I’m sick to my stomach right now. I absolutely HATE cancer. Shit, doesn’t everyone? No…not the way I do, not the way any “cancer mom” does, I can assure you. More specifically, I HATE Irinotecan, the oral chemotherapy drug adminstered at home. Why on God’s greeen earth any doctor would give you the most discusting tasting medicine on this planet, tell you mix it with too many MLs of juice and FIGHT and hold your child down to get them to take it, I do not know. The other way to get this drug into her is through her port, which would require a five day admission to the hospital, which means time spent away from home for Elena and myself, time spent away from Daddy and Annalise, time with too many doctors and too many nurses and not enough understanding as to why. I’m desperately trying to keep her away from the hospital through this as much as I possibly can. And yet, moving forward with this drug (the next cycle is 6 weeks away), I have to weigh the options and try my damndest to figure out which is the bigger demon; week long hospital stay, or practically abusing my child to get her to take this drug at home.
I am seriously considering having a close (would have to be very very very close) friend or family member video tape our next attempt at administering the Irinotecan. “Why would you DO that?!?!?!” “Are you CRAZY?!?!” “No one wants to SEE that!!!”
Yeah, I know. And yet, perhaps the world needs to see MORE of it. Seeing sick, bald children on TV commercials has not been enough to make the federal government consider increasing the percentage of funds given to research childhood cancer. 4%. Four lousy fucking percent of the governement’s cancer research budget goes to childhood cancers. There are 12 major types of childhood cancers, and dividing four percent among them means that each different type gets crap in the way of research money. Two months ago, it didn’t phase me. I had no idea that there was such little funding. I had no idea that it has been 20 years since a new cancer treatment drug for children has been made. I had no idea the struggle, and the pain, and the fear that parents of children with cancer face. Until it happened to my child. This is also part of the problem…the awareness just isn’t there. More adults are diagnosed with cancer than children, so you hear more about that. I know at least 10 people who have been affected by cancer (in an adult family member). I never knew anyone that had or knew a child with cancer. And I’m not saying that I think adult forms of cancer should be overlooked…but let me tell you, I would face any type of cancer 100 times if it meant my baby wouldn’t have to. No child should have to go through what Elena is going through, and no parent should have to face what my husband and I are dealing with.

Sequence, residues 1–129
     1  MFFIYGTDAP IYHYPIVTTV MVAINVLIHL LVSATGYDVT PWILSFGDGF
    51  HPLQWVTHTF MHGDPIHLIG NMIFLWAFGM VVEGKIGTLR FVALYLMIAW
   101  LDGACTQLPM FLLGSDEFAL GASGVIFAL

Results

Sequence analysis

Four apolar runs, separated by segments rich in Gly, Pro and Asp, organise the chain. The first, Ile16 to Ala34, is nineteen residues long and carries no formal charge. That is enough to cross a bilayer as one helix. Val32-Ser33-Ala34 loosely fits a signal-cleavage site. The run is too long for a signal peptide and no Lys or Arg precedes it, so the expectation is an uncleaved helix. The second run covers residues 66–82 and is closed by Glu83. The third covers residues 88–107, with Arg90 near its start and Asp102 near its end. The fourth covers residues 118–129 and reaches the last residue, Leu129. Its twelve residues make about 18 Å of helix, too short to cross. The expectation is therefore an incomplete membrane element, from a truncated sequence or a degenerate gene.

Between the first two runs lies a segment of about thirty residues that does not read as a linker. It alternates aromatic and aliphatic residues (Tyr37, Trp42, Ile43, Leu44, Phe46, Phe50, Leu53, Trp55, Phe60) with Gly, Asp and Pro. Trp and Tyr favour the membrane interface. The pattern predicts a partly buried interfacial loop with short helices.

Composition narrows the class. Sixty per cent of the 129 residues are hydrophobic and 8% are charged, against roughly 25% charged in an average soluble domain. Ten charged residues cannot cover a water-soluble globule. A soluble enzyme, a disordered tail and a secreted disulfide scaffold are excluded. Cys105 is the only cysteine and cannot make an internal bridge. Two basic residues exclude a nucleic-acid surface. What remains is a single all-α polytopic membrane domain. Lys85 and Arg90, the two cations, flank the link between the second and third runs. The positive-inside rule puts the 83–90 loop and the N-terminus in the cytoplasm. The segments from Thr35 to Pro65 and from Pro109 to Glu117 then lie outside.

If you know me, you know that I am so far from the advocate type. I tend to consider myself a realist…I don’t really believe that ONE person can make that big of a difference. But I have never wanted to TRY more than I do now. I’ve never wanted to stand on a soap box and scream at the top of my lungs for change more than I do today.
People tell me that it’s a blessing that Elena is so young, that she won’t ever remember any of this. Which, for the most part I think is true. I doubt she will have specific memories of these times. Though I fear she will have impressions of these awful moments. For now, she shakes it off after we’re done giving her the medicine and within a minute she’s happy and laughing and just thrilled it’s all over with. Will that continue as she developes more and becomes more aware? Will the number of times this drug is repeated leave the impression of fear in her? It takes me every ounce of strength to not break down and cry in front of my kids. Cry tears of frustration and anger that this is what our life is now. Tears of joy that Elena comes and gives me a hug to comfort her after. Tears of the most gut wrenching heart ache you could ever imagine. Tears of fear. Those all come later once the girls are in bed, or sneaking into the bathroom away from prying eyes for a minute or two. Of the worst tears I shed are those for the realization that our lives, and Elena’s life will never be the same again. That’s soap box worthy if you ask me.